There are only two tricks to winter riding: Don’t freeze and don’t fall. In Part 1 I explained how to keep from freezing; now for some tips on how to stay upright.
First, however, one observation. If you can find clothing that suits you, you very well may become indifferent to cold. By contrast you will – or should – never become indifferent to snow. It’s possible to ride in the stuff, regularly and successfully, but it’s not ever as safe or as easy as riding on bare pavement. If you want to bike to work over snowy roads or trails, these suggestions will help. But if after trying it a few times you’re still uncomfortable, then don’t do it – wait for the plows to come through!
Moving along. The problem with snow is not so much that it’s slippery but that it’s uneven. Ruts, ridges and hard-packed clumps will all push you off a straight line. As you ride through these spots, your handlebars will twist in your hands, your front wheel will begin to slide, and it’ll feel like you’re going to topple over for sure. But remember Newton. Your bike wants to keep going in the direction that it’s been going; that is, in a straight line. And a wheel wants to spin, not burrow! As soon as your wheel clears the immediate obstacle, it’ll pop back straight and you can keep right on riding. Your aim is simply to allow that happen.
And therein is the essential trick to riding in snow: Let your bike work it out for itself. Loosen your grip. Let the handlebars wobble and twist. Keep pedaling, evenly and steadily, when you feel the front wheel begin to lose its purchase. It feels wrong, but it works out right! (Uh, most of the time – as I said, riding in snow is not as safe as riding on bare pavement.) The feeling of nearly losing control is really disconcerting and it’s hard to suppress the urge to wrestle the bike back into a straight line. But if you fight, you will almost always overcorrect, and wind up on the ground more often than if you just let everything go.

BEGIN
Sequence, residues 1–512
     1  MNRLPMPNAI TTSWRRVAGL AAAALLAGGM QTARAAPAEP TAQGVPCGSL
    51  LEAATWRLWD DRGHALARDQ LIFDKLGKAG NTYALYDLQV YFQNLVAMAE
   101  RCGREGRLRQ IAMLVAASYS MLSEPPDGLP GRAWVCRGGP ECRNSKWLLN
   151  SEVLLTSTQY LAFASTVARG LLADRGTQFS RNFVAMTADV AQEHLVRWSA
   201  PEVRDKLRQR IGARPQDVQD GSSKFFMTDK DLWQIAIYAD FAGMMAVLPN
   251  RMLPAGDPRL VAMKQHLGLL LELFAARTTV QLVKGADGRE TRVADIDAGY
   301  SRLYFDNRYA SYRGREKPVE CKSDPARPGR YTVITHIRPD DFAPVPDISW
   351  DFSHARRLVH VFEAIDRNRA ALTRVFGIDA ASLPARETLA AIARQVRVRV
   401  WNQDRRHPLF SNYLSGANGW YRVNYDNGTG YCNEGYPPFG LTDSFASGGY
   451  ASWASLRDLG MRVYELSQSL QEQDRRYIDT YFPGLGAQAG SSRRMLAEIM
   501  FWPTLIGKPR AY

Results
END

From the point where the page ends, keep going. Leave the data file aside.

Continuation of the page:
This is one of those lessons that, I think, is best learned through experience. The next snow day that comes along, take an hour or 90 minutes, find a stretch of road that’s not too heavily travelled, and just ride around. Relax your hands, arms and shoulders. Steer in and out of tire tracks, try turning a little harder than seems prudent. Accept that you will fall, and don’t try to stop your bike if it seems to be heading that way. Weirdly, once you accept that you are going to fall, you won’t (as often). And, at 8 mph and onto snow, it’s probably not going to hurt if you do go down. The first time I rode in deepish snow (6-7 inches, on precisely one of these “who cares” excursions), I fell, harmlessly,10 times in 90 minutes before I learned to trust the bike, and its inertia.
Practice helps. The more you ride in the snow, the more comfortable you’ll be with it. (And conversely, less comfortable when you don’t – the first snowy day of each year invariably presents a challenging commute!) Also bear in mind that, staying upright usually comes at the expense of a clean, straight riding line – a sort of Uncertainty Principle for bike riders. So in snow, don’t cut things as closely as you might otherwise, and be particularly vigilant for passing cars.
Finally. All of the foregoing pertains only to snow. None of it works on ice, where you can find yourself on the ground before you can even think the word “Zen”. On 28 degree mornings following a freezing rain, I walk to the Metro – or stay home along with everyone else whose businesses have closed for the day. If you do find yourself on a patch of ice (it happens!), steer as straight and steady a course as you can until you’ve cleared it. Don’t turn, don’t brake, don’t accelerate. Maybe don’t even breathe. And during those tense few moments, relax yourself by remembering that if you fall on ice, you leave a whole lot less of yourself on the ground than if you’d fallen on asphalt!